An aspect of racial profiling that probably doesn’t get talked about enough is banking while Black. It happens when a bank employee sees a Black customer looking to cash, deposit or withdraw a relatively large sum of money and believes, due to their implicit bias, that something isn’t right, so they refuse service to the customer and, in some instances, even go as far as to call or threaten to call the police.
San Diego, Calif., attorney John Pittman III said he experienced banking while Black at Bank of America in Pacific Beach last year when he tried to cash a $12,000 insurance settlement check only to have the bank’s assistant manager refuse him service, accuse him of trying to steal and at least pretend to call the authorities to get him to leave the bank.
“I’m thinking this would not have happened if I wasn’t a Black person,” Pittman told KPBS in a recent interview.
Pittman said when he tried to cash a check from Geico following a car accident, he was told he couldn’t cash it because the name on his driver’s license didn’t match the name on the check, which didn’t include the “III” suffix after his last name. Pittman figured it would be an easy fix and all he would need to do is have the bank verify his information with his insurance company. According to Pittman, that didn’t work out well because his Blackness was too loud for common sense to be heard.
Pittman, who said he worked in the finance industry for 19 years as a loan processor and financial advisor, suggested a fix.
“Just call the insurance company, no big deal,” Pittman said he told the assistant branch manager. “They’ll verify the social security number and a birthday, which is on all my stuff anyway. And on the check, it actually said, ‘for vehicle repair.’ And she said, ‘no, no, no. We can’t. Even if we call to verify, we have no way to know that we verified.’”
But Pittman said she wouldn’t say why.
Frustrated, he said he called GEICO and put an insurance company representative on his cell phone speaker to speak with the assistant manager. But that only made her more suspicious, he said.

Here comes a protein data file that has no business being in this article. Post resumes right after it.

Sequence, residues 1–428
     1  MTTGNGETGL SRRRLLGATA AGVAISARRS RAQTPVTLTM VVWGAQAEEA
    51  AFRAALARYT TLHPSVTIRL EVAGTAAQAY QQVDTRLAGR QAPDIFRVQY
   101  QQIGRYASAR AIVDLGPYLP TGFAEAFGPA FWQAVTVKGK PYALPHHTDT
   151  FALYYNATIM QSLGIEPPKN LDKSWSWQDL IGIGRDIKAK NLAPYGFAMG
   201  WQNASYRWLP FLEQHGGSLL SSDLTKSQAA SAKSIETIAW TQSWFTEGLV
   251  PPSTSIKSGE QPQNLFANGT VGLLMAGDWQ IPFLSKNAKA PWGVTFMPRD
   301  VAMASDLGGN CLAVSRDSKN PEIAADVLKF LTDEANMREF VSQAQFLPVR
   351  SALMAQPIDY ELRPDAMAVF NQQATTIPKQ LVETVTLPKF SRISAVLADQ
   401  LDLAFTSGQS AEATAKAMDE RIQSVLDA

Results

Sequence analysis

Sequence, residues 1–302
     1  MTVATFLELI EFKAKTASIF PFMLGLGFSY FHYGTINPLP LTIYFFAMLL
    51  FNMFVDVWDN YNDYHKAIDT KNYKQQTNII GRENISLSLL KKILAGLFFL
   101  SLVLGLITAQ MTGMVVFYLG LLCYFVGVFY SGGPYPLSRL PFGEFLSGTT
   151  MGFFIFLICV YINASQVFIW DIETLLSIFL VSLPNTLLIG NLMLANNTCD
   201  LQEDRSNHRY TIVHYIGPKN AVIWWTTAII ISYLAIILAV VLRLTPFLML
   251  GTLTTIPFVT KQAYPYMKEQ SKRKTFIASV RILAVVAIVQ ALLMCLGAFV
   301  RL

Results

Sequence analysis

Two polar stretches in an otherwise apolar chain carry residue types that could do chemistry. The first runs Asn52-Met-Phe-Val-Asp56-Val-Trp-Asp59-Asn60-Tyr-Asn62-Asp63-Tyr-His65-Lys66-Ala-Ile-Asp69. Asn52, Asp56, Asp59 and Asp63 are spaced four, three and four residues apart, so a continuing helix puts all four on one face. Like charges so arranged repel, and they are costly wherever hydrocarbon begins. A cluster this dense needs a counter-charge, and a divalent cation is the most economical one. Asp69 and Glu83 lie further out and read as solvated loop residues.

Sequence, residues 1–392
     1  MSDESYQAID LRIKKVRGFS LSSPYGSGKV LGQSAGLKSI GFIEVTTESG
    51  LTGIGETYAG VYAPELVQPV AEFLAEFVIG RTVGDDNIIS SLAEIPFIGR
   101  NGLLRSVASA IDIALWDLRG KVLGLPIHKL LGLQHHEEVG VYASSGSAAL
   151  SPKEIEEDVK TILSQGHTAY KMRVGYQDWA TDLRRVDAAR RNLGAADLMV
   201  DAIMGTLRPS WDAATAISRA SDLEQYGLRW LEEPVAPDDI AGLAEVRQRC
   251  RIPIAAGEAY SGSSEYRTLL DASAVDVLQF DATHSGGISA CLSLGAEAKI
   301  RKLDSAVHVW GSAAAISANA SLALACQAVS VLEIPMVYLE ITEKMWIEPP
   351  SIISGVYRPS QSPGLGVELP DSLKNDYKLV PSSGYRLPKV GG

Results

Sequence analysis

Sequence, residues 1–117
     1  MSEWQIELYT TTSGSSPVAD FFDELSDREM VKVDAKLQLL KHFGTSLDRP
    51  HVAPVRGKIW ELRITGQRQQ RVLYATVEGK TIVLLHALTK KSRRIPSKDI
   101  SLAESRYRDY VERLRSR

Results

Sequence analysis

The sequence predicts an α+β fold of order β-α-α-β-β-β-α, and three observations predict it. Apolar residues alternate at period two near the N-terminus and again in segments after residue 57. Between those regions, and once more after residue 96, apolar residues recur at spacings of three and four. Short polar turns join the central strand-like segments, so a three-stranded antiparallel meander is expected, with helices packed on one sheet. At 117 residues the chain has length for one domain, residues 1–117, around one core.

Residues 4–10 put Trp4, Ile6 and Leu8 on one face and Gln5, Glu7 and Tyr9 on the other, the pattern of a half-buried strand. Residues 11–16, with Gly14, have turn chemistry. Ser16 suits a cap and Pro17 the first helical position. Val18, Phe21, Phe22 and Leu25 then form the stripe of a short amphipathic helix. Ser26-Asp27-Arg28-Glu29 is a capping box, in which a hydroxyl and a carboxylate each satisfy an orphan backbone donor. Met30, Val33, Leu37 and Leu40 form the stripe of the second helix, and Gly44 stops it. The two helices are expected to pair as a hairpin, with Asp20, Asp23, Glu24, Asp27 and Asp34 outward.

“She says, ‘well, I don’t know who you are. You could just be one of his friends,’” Pittman said.
If Pittman’s story is true, one can’t help but marvel at what he was accused of here. For the bank employee’s suspicions to be accurate, Pittman would either have had to come across a $12,000 insurance check that happened to have his exact name on it minus the suffix, or he would have had to forge it himself without bothering to include his full name. Then, he would have had to have a friend pose as a Geico associate to give the ruse more credibility.
But let’s say you believe that scenario is more plausible than a Black man just trying to cash a check he has the right to cash. According to Pittman, the Geico employee urged the bank’s assistant manager to call the insurance company herself to verify everything, but not only did she refuse to do that, she informed Pittman that the cops had been called.
“‘We’ve notified the authorities,’” Pittman said, recalling what she told him. “So you’re trying to steal the money from the real John Pittman.”
“She picked up another phone,” Pittman continued. “She starts talking, saying ‘oh, someone’s here trying to steal the money from someone.’”
In a statement to KPBS, a Bank of America corporate spokesperson confirmed that Pittman was refused service due to the name on his ID not being an exact match to that of the check, but said the police were never called.
“Given the name on the check didn’t match the name on the identification and the individual wasn’t a Bank of America client, our team followed the bank’s policy and declined to cash the check during the individual’s visit in January 2020,” spokesman Bill Hallidin said. “This is standard industry practice, and it is based on best practices to protect against potential fraud.”
Hallidin didn’t address the real issue, which was the harsh and probably racist treatment of Pittman by the bank employee. It’s hard to believe part of that “standard industry practice” includes refusing to verify the customer’s information at the customer’s request and threatening to call the authorities behind the matter.
“I just cannot see them calling the police on every person that they get a check from that doesn’t have junior or a third or whatever,” Pittman said. “That just doesn’t make sense.”
It isn’t the only time a Black customer has accused a bank employee of racial discrimination.
Earlier this year, a Black woman, Gwen Samuel, said a teller at a TD Bank in Connecticut refused to let her withdraw $1,000 from her account telling her without any further explanation, “I don’t feel comfortable giving you the money.”
As for Pittman, he said that even after more than a year and a half, the incident still haunts him.
“It makes you feel two inches tall,” Pittman said. “It makes you feel targeted. I didn’t stick around for the police to come. But I guess if I had stayed there or the police would have shown up, the situation could have gotten ugly, you know.”
Pittman said he ended up cashing the check at his Texas-based credit union.